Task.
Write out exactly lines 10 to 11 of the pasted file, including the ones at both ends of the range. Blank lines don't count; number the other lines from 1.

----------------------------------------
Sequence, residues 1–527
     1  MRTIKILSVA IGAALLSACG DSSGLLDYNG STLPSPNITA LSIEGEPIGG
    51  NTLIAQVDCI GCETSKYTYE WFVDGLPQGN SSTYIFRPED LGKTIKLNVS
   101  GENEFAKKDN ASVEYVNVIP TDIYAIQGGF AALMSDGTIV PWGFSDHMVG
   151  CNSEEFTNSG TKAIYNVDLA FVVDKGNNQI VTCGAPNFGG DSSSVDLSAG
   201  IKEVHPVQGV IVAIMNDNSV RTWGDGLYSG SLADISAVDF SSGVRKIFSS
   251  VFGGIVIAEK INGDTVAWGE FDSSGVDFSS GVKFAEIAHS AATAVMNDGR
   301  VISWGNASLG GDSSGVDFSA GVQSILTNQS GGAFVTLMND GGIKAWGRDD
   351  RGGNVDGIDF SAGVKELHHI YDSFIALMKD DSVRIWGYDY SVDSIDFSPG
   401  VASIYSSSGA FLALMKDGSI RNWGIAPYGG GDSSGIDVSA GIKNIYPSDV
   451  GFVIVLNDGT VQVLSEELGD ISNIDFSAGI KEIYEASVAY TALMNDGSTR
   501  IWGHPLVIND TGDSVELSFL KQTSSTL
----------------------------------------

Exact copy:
   401  VASIYSSSGA FLALMKDGSI RNWGIAPYGG GDSSGIDVSA GIKNIYPSDV
   451  GFVIVLNDGT VQVLSEELGD ISNIDFSAGI KEIYEASVAY TALMNDGSTR